1. DanPryce says:

    I cannot wait for Spanish Language RPS to arise.

    • pakoito says:

      The closest thing is GamesAjare, but their stuff is mostly circlejerk jokes and local stuff.

    • Tei says:


      Well.. the subtitle say it all “tits, tastecrackas and videogames”.
      Still, I like this article. The misterious case of a nice Indie game that is not accepted in Steam. People on the comments say could be because contains mountains of culture pop references of other games, or perhaps grammar errors on the english translation. It could be. Other indie games had a hard time to enter Steam, like SPAZ. These posters also say that it was easier to enter other systems, like Desura.
      I can understand it all, but the creator of “The Lord of the Rings” movie trilogy is also the creator of “Bad Taste” movie. People has to start somewhere, you never know, maybe the dude that is tryiing to sell a game that looks like a piece of shit, is going to revolutionize gaming the next year (?!).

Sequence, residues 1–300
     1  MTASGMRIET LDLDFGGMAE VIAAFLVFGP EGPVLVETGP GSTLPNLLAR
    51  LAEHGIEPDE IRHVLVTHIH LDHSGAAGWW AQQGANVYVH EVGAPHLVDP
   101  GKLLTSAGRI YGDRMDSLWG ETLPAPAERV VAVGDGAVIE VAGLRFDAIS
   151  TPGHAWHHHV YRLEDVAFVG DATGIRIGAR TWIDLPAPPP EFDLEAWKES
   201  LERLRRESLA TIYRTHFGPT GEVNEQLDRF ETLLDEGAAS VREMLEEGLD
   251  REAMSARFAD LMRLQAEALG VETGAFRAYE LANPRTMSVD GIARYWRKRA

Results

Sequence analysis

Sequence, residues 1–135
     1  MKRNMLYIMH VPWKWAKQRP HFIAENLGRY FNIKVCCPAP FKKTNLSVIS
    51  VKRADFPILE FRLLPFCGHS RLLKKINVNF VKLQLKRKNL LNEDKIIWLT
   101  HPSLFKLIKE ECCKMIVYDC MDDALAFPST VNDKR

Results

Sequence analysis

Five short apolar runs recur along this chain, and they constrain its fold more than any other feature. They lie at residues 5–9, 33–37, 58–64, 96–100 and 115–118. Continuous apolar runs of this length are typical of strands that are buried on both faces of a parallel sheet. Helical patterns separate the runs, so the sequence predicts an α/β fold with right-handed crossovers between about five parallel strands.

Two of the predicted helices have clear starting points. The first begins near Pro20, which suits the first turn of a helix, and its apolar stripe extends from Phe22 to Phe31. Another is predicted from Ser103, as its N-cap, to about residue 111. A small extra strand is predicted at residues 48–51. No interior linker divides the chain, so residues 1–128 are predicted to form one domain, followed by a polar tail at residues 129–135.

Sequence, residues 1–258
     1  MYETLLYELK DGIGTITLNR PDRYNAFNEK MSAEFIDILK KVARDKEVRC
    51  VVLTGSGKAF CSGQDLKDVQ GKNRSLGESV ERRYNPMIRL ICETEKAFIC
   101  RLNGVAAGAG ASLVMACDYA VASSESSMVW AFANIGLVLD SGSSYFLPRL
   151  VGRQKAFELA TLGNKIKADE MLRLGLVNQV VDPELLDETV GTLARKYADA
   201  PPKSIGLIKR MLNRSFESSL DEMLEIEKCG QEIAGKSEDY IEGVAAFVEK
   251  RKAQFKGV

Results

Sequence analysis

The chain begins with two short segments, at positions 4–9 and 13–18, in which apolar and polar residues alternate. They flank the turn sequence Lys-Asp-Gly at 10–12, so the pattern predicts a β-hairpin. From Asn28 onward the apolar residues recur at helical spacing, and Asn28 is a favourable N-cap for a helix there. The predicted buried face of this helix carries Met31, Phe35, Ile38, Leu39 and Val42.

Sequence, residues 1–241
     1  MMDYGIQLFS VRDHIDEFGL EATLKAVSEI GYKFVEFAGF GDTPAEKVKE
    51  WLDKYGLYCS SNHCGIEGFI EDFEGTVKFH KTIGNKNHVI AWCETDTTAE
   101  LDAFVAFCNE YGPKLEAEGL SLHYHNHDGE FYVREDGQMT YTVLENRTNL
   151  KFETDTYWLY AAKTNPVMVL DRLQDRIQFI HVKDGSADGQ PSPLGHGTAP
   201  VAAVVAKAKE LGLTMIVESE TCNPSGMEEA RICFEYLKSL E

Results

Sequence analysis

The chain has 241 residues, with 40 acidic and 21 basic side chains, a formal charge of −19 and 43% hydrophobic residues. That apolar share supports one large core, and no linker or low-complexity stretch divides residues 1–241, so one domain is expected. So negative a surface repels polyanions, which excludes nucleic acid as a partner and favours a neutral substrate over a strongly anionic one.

2. Williz says:

    Brick, where’d you get a hand grenade?

    • Ergonomic Cat says:

      I killed a guy! With a trident!

      I ate your chocolate squirrel.

      I would like to extend to you an invitation to the pants party.

  3. TomSmizzle says:

    To be fair if you support the kickstarter for $15 you get the game when it comes out, so it’s kind of a $15 game?

  4. Meat Circus says:


  5. Meat Circus says:

    This will be like Oasis vs Blur all over again.

    PC Gamer are the Vengaboys.

  6. Premium User Badge

    Bluerps says:

    Their page seems to be broken. :(

    • Zorganist says: